News | Question of the Week, WC 7th January
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Q: What impact will the government shutdown have on economic growth?
A: The partial government shutdown is now the longest on record, with little chance of a near-term resolution. It has now lastest long enough that we have to start thinking about the impact on first quarter GDP growth, which was already set to slow as a result of the drop in stock prices in the fourth quarter and the fading fiscal push.
The direct impact on growth is straightforward. The 800K government workers who aren't being paid amount to 0.53% of payrolls. Government employees earn more than average, so the loss of aggregate income growth would be larger than these raw numbers suggest. If reported GDP growth was headed for an annualized 2.5% rate—our working assumption—before the shutdown, then the direct effect of all 800K workers being out for the whole quarter would be directly to reduce it to just 1/4% or so.
We have no way of estimating the impact on government contractors, or the second round effects when those business fail, or have to delay paying their employees, subcontractors, suppliers and creditors, but it will not be trivial. Accordingly, If the shutdown lasts through the whole quarter, we'd look for an outright decline in first quarter GDP.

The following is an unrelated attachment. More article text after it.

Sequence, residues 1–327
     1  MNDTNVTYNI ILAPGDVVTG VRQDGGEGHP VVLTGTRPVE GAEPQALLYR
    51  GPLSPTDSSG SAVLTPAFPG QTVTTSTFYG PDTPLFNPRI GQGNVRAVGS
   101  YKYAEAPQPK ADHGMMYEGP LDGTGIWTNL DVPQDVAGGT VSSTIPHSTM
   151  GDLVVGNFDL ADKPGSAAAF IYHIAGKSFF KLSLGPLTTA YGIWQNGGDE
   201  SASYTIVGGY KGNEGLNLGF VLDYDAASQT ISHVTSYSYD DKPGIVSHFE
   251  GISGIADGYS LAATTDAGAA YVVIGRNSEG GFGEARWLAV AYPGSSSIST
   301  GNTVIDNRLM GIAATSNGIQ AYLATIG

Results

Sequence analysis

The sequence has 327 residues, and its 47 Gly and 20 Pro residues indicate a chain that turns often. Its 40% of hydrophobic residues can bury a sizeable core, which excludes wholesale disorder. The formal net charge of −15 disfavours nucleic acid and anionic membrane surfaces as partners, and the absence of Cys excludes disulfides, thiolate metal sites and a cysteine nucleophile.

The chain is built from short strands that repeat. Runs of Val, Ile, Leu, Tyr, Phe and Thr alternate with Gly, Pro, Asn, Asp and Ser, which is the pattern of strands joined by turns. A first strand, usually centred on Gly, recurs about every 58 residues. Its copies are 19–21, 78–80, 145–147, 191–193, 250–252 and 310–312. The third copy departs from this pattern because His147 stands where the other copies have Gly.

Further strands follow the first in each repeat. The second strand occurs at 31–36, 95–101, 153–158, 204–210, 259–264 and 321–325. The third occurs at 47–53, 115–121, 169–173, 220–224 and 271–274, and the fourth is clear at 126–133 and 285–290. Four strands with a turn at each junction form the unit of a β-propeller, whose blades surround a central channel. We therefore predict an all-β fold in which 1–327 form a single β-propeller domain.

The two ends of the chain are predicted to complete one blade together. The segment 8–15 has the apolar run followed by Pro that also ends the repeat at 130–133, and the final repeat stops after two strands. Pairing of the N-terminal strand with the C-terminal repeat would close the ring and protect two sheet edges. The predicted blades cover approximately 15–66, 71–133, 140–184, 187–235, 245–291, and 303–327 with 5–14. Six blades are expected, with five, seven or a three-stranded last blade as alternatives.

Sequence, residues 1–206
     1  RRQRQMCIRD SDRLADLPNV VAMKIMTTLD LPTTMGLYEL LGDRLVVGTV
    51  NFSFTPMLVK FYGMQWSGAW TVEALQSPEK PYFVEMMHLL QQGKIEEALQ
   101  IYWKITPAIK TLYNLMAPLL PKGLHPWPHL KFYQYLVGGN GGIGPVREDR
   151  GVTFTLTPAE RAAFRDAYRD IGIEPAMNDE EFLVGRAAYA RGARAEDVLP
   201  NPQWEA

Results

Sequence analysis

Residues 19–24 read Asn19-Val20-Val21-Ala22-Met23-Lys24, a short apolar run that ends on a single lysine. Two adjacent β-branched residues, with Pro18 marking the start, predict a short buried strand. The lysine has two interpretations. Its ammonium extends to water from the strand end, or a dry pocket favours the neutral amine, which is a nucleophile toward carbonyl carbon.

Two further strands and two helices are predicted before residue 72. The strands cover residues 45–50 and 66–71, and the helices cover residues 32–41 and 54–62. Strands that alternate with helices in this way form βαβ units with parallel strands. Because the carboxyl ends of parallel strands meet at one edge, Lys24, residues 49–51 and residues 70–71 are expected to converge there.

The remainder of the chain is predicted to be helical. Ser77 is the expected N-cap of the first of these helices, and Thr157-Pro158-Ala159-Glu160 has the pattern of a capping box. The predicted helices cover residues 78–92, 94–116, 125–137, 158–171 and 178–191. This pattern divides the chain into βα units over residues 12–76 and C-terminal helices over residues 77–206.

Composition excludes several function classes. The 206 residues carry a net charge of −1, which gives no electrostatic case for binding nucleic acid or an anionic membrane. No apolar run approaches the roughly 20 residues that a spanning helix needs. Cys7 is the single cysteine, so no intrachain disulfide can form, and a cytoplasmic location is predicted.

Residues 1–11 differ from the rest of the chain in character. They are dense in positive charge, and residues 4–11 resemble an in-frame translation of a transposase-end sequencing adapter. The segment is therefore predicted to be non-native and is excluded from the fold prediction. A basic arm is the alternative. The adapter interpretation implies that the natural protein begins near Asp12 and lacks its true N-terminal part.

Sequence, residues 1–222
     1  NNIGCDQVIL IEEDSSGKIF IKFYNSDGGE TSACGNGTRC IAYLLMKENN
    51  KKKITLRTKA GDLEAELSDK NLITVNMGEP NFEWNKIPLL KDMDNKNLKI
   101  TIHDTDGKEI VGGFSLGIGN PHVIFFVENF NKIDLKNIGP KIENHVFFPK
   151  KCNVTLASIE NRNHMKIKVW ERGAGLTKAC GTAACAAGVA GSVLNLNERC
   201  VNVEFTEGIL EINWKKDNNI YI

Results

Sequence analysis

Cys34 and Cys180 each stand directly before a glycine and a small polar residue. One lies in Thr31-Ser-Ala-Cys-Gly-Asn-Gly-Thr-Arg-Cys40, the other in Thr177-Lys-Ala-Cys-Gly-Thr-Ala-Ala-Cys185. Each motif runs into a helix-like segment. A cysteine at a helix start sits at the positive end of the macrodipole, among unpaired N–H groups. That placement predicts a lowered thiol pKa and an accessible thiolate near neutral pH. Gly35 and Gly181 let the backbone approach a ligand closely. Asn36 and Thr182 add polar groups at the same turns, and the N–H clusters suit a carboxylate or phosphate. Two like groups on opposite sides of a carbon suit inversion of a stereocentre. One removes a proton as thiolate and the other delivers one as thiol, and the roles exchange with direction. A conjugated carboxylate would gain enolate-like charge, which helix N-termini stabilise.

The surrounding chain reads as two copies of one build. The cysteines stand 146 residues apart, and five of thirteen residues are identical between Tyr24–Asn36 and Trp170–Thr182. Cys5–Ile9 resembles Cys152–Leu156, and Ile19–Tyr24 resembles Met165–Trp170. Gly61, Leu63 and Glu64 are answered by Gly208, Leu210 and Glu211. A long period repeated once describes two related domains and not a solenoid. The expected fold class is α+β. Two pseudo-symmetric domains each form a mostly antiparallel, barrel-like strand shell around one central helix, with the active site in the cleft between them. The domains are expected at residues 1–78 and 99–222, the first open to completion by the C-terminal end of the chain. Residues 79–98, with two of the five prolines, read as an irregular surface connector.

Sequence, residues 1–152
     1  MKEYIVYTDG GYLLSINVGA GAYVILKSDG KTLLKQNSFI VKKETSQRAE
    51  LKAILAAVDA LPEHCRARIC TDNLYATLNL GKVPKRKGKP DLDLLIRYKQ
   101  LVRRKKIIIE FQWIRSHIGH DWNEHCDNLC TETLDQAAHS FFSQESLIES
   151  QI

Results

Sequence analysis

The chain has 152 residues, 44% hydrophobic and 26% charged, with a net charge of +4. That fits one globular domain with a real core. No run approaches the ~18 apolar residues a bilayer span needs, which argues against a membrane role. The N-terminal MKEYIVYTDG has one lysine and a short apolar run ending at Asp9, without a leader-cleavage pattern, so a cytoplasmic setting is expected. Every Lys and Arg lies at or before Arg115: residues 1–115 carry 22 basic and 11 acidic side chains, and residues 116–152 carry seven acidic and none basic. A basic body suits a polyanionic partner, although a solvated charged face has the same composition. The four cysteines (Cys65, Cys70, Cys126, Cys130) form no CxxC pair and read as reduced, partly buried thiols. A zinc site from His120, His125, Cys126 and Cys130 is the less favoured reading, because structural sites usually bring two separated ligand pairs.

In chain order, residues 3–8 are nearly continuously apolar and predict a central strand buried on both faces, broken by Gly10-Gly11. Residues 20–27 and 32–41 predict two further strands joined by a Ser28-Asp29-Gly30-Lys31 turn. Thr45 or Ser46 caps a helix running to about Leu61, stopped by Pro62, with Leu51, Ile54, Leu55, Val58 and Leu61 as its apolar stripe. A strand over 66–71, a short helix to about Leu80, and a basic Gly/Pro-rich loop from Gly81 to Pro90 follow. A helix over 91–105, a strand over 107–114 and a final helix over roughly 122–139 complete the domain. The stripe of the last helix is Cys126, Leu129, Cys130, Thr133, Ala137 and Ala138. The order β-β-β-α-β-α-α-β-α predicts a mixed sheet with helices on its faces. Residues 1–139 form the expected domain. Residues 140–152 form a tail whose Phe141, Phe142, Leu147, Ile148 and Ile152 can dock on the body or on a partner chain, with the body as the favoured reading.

Some of the ground lost would be recovered, because government employees working without pay likely will be compensated for their time once the shutdown is over, and Congress could enact legislation so that furloughed workers will be paid for the work they would have done if the shutdown hadn't happened. But firms and farms which go bust as a result of the shutdown can't be magically resurrected when itìs over.
This worst-case scenario probably won't come to pass, because we think the president will come under enormous pressure from his own party, especially from Senators who will be seeking re-election in blue states next year. Still, even if the shutdown is over by the end of the month, the hit to growth will be material, and it will hurt first quarter earnings, to say nothing of the costs and misery imposed on government employees, contractors and their families.
Ian Shepherdson, Chief U.S. Economist
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Posted: 14th Jan 2019
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